“Normally with young girls, they can get distracted during such competitions. I have had other teams that got a bit distracted and because of that they could not bring the championship home. Despite their age, Karina and Cheyenne remained focussed. Because of their consistency they never fell short. We planned our strategy every night before going to bed. There was no time for anything else. They built on what they had started and continued, and that blew the judges away!”

St. Lucia has long dominated at the Caribbean Junior Duelling competition. Repeated wins by St. Lucian teams over the years, coupled with their culinary prowess and exceptional creative skills have been acknowledged by the competition organizers in Barbados and competitors from other participating islands. This year it was no different, said Henry.

”The Bajans were so proud of the St. Lucian team, they supported them all the way. St. Lucia has that reputation. Every time we go to Barbados, they look forward to our food and they’re content with losing to us because they know that we always come to deliver. I respect them for that. They know that they can’t match our flavours. Our flavours are just unique and, as St Lucians, we need to be proud of what we have. We need to be proud of our green fig and salt fish. St. Lucia received an award for ‘Creative Use of an Indigenous Product,’ which was the salt fish. The team did a salt fish and dasheene rusty, which involves grating the dasheene and adding egg, salt fish, a little flour and then you fry it up nicely. This is what we presented with flavour and the judges were blown away!” said Henry. She also applauded the SLHTA for supporting the development of culinary arts in St. Lucia’s education system and for continuing to fund the Chefs in Schools program.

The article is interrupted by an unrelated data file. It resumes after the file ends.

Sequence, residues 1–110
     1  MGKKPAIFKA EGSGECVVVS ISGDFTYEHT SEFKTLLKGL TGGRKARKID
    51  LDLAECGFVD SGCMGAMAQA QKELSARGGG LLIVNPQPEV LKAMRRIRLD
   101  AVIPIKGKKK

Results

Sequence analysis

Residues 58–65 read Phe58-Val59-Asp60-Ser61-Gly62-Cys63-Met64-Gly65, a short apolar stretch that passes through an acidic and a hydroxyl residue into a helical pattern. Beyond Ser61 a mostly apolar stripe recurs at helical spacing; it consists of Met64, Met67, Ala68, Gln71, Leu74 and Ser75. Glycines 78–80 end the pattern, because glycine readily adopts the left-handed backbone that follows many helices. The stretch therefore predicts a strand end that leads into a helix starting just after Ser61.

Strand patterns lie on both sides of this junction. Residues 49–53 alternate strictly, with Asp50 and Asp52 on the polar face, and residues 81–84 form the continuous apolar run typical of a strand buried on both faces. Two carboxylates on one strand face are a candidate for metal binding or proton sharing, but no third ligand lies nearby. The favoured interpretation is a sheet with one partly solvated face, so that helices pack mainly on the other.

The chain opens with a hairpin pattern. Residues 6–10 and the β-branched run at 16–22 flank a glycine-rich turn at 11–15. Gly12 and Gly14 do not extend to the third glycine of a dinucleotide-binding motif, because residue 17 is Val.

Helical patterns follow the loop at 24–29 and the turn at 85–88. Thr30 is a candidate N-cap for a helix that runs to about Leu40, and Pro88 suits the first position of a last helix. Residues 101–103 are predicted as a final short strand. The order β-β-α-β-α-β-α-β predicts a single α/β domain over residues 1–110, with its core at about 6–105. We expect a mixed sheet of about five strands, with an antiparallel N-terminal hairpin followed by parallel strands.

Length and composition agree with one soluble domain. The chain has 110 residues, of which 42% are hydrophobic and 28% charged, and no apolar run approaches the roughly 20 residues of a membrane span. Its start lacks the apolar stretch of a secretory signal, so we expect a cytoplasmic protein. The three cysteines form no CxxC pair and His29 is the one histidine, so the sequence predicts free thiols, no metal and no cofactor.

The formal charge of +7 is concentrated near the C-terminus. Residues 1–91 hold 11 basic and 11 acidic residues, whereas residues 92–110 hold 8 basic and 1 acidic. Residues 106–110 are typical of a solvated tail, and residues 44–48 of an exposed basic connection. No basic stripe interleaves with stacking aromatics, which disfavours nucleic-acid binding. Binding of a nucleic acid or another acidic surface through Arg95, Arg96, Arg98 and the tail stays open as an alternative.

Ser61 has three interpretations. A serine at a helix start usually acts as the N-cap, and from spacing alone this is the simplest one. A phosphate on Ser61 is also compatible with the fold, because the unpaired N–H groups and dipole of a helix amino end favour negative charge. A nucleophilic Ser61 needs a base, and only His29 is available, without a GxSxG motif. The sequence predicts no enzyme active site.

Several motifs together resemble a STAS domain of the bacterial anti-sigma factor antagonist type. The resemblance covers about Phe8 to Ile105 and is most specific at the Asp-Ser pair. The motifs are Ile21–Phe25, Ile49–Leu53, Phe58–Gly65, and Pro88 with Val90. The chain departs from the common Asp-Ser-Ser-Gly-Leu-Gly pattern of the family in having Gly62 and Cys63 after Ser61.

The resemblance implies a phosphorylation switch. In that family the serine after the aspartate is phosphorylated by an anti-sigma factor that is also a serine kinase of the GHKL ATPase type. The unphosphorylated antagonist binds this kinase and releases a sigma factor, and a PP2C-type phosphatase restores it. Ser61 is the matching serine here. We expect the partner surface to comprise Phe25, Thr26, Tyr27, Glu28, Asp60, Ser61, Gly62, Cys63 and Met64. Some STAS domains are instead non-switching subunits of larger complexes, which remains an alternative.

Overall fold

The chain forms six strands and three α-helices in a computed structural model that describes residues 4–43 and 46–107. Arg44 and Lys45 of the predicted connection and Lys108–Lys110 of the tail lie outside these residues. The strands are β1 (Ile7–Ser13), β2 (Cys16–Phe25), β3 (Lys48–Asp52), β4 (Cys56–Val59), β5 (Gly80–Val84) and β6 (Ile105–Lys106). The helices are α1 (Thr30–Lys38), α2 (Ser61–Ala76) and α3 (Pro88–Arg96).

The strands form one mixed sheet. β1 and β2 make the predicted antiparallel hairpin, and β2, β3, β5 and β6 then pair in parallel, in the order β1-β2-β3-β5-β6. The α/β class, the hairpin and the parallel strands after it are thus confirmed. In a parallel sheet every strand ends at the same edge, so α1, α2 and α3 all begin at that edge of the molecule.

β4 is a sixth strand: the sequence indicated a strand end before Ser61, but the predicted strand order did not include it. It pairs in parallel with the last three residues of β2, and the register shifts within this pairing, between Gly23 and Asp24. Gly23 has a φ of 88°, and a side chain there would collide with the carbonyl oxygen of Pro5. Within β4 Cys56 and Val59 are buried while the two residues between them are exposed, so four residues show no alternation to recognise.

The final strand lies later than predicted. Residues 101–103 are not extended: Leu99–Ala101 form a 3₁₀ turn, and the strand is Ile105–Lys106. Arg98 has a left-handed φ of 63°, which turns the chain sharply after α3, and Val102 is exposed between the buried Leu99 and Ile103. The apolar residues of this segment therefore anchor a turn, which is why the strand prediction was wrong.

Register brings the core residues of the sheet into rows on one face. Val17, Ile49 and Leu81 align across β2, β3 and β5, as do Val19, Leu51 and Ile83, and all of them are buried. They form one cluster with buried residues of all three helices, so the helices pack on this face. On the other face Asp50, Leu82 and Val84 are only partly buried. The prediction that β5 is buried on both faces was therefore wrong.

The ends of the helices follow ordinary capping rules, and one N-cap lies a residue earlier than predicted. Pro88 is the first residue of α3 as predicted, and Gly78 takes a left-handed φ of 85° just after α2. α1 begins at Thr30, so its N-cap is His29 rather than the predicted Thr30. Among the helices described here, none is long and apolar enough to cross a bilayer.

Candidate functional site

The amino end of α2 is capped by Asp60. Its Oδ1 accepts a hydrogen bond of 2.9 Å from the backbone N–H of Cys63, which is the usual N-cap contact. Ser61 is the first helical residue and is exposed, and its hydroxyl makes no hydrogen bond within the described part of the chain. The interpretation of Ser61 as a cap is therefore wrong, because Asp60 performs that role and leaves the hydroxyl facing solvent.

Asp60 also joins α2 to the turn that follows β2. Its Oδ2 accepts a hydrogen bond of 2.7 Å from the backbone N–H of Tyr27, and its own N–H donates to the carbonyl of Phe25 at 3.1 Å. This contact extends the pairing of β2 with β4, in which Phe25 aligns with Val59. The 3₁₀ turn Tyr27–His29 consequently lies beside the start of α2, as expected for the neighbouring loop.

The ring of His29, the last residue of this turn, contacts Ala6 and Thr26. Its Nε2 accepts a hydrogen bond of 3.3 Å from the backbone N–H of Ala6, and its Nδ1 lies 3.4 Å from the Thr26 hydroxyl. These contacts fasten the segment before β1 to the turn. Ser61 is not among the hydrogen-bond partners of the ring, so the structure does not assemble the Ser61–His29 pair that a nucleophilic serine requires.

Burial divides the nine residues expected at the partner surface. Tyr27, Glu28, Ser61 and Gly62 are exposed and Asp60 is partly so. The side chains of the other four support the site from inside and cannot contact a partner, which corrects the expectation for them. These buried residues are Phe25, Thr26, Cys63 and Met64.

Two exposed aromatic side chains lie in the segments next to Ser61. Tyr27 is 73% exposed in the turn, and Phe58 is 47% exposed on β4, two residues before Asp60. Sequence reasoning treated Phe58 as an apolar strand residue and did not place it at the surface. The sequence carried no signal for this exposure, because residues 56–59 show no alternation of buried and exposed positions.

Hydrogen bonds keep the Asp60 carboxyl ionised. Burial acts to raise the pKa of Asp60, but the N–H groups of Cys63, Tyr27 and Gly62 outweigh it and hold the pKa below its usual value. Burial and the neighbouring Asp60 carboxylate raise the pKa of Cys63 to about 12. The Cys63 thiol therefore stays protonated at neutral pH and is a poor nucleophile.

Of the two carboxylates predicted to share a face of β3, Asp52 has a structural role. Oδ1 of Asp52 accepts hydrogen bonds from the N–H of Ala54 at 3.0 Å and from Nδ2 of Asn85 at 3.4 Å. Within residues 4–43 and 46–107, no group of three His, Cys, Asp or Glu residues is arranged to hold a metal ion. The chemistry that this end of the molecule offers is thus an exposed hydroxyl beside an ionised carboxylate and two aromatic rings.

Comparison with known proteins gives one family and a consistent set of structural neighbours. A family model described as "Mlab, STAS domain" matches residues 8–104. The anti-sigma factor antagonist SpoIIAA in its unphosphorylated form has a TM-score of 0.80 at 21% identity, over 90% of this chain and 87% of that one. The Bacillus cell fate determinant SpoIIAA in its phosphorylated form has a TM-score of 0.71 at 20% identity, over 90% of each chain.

First launched in 2014, the SLHTA Chefs in Schools Cook-Off Competition is designed to help secondary school students with a keen interest in the culinary arts develop their skills. It also encourages them to use more local ingredients in the preparation of healthy meals.

SLHTA CEO, Roderick Cherry joined in congratulating Karina and Cheyenne for bringing the Caribbean Junior Duelling trophy home to St. Lucia, and reaffirmed the SLHTA’s commitment to maintaining its support for the island’s young up-and-coming chefs.

“The enthusiasm and passion generated among the team members who represent St. Lucia at regional and international competitions make it an extremely valuable and empowering experience for them. The SLHTA is proud to give many of them the opportunity to show their regional counterparts what they’re capable of, and the awesome talents that St. Lucia produces. It’s a pleasure to support gifted young culinarians like Karina and Cheyenne and to help lay the groundwork for St. Lucia to ultimately become a world-renowned culinary destination, where our local chefs can showcase the fantastic dishes and flavours St. Lucia has to offer, and which are unique and indigenous to our island.” said Roderick.